Sweden's Axel Boman first gained serious attention with his 2010 track "Purple Drank," which was released on DJ Koze's Pampa label. He's since gone on to establish himself as a consistent producer with his own set of idiosyncrasies, but Koze's initial backing still feels like quite a heavy—perhaps the heaviest—influence on his sound. Like Koze, Boman trades in a type of house which expertly balances emotion and quirk; it's as inviting as it is intricate, and is wont to switch directions. Family Vacation, his debut LP, is as fine an introduction as any to the producer's approach.
Boman describes his process in composing the album thusly: "I decided to go through the vast collection of ideas and sketches I had on my computer, as a final project before I set that machine on fire and let it all go up in flames." It's a premise that doesn't necessarily bode well—many dance producers are used to composing for EPs, and end up making full-lengths that are more like data dumps than actual albums. There is, in fact, a lot of variety on Family Vacation, certainly enough to dissuade Boman from attempting to insert a narrative flow. Ultimately what saves the record—not to mention makes it a quality effort—is that Boman's pieces are often mini-narratives on their own, and do not need any outside context to succeed.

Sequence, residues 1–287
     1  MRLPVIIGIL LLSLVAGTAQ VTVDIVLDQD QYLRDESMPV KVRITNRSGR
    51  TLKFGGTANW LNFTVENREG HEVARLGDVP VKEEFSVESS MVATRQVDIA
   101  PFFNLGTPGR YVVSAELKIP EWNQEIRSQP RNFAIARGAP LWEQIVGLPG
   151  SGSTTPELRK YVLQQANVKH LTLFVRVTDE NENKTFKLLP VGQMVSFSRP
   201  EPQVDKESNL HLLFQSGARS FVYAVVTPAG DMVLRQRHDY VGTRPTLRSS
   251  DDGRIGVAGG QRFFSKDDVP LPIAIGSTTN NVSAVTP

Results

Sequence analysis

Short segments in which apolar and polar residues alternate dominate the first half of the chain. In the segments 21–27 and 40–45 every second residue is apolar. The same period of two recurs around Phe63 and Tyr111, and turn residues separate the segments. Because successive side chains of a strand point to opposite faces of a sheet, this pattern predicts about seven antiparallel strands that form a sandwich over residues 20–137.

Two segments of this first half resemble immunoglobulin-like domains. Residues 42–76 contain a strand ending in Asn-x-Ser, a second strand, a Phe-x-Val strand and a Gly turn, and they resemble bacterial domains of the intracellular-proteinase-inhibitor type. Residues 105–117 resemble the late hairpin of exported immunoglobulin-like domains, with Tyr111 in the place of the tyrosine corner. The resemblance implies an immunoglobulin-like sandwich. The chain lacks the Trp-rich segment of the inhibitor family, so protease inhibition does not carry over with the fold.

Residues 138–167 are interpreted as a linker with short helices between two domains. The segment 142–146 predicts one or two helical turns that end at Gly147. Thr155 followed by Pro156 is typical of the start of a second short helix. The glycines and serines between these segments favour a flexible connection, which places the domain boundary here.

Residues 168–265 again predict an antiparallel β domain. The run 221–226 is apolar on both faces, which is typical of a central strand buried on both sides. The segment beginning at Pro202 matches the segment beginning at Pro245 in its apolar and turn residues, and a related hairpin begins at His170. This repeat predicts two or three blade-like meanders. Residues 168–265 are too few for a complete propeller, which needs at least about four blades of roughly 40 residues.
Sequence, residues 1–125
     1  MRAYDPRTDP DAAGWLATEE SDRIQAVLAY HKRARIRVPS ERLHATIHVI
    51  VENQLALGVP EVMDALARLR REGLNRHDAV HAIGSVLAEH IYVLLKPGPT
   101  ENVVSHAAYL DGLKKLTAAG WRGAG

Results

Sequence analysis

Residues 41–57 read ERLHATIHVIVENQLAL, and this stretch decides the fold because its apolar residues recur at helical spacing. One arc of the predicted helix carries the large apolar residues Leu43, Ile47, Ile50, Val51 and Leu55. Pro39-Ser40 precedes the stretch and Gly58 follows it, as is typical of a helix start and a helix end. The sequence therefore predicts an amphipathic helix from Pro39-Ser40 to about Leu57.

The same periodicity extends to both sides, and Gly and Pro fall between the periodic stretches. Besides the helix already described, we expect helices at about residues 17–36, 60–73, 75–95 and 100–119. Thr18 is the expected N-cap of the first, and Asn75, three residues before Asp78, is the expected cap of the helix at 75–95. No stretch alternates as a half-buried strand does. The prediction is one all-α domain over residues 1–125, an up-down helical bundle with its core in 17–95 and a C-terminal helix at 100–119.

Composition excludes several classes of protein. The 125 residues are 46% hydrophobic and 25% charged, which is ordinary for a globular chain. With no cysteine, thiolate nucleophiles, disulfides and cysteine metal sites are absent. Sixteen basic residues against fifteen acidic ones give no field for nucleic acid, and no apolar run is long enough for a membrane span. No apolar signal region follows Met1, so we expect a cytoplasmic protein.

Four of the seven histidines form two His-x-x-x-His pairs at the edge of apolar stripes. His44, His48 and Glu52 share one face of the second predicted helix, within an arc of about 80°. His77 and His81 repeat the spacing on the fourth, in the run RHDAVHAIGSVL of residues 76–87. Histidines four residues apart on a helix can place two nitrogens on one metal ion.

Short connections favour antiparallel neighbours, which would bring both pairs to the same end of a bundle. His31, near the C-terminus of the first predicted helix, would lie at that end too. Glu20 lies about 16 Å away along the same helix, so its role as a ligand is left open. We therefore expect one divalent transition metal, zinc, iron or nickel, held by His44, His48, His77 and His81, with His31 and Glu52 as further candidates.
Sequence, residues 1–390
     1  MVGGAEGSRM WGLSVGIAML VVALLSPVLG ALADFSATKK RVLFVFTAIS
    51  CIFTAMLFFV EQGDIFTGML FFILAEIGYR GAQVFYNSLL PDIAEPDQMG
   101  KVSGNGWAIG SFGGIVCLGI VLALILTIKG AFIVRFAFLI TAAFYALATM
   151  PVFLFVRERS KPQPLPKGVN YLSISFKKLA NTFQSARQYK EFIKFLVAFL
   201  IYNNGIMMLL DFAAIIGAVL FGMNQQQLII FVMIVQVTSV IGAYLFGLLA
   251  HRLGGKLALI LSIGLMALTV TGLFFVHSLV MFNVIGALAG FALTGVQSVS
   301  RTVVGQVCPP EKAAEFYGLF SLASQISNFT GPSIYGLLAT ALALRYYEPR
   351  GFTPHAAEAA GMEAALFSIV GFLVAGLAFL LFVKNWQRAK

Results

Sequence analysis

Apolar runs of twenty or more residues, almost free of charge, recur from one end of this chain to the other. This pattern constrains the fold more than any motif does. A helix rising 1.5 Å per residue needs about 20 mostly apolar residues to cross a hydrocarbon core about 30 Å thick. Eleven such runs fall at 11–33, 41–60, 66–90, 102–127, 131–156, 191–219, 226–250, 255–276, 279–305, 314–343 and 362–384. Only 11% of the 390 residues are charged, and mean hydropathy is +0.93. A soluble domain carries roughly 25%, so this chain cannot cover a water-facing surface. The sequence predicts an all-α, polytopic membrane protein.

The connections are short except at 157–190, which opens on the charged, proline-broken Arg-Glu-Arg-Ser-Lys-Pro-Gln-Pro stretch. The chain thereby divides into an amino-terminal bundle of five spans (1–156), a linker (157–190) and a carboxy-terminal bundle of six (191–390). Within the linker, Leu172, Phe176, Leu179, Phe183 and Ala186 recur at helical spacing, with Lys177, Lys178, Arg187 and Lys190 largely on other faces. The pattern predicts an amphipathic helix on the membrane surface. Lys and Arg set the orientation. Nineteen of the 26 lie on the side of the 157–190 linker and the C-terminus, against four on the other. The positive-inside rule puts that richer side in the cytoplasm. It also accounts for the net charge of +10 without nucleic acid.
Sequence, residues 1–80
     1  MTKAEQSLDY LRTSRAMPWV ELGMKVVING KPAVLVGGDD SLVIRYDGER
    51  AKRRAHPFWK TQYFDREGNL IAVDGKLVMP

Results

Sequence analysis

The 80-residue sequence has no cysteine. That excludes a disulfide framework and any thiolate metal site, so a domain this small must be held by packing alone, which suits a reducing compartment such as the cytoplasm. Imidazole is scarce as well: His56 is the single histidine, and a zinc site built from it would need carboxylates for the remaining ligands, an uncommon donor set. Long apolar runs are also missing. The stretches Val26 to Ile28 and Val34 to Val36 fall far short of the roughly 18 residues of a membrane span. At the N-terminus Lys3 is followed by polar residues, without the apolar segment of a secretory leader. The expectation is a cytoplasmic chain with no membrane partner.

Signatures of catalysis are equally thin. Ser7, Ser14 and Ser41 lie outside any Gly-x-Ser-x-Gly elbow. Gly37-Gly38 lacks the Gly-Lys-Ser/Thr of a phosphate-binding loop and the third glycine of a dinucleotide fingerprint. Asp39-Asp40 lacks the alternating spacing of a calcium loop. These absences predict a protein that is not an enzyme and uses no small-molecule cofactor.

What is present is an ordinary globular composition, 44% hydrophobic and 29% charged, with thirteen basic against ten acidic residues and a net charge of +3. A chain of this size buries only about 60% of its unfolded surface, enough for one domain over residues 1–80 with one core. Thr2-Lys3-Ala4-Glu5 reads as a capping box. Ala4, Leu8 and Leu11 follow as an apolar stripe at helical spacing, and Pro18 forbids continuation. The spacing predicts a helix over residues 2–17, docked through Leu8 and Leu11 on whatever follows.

That said, Family Vacation is probably best enjoyed in pieces. Its runtime is a leisurely 60-something minutes, and the producer tends to reuse motifs, namely soul loops, woozy deep-house chords, and booming bass tones, which occasionally results in a soporific effect. Of course, this is just fine for a record that's probably more meant for home use than a DJ set; it is made from scraps, after all. But listening to it in one sitting, without something to occupy one's mind alongside it, can feel like a bit of a task. When one dives into the pieces on their own, though, there is a wealth of detail to enjoy. Opener "Can't Find It" rises above its somewhat drowsy base thanks to its twitchy, flexible rhythm, while the romantic midpoint melody of "Animal Lovers" is arrestingly accomplished. Elsewhere, "Barcelona" recalls the dancefloor-tinged R&B production on Jessy Lanza's recent Pull My Hair Back LP, with its soft melodies rubbing up against a bumpy, gravelly bassline and stuttering drums. "Bottoms Up" interpolates a steel band for a maniacal conga-line-meets-house workout, and "Fantastic Piano" lives up to its title, conjuring a kind of nostalgic The Wonder Years vibe from its sentimental lead instrument. Boman's music comprises a sometimes bizarre blend of melancholy and ecstasy, and this is occasionally awkward. On paper, "New Krau Era" should be such an example, but it's actually one of the most charming cuts on the album, balancing a moody, downcast framework with exuberant hip-house interjections. Overall, Family Vacation succeeds because of these types of juxtapositions. Moreover, its variety displays why Boman remains endearing to so many different audiences.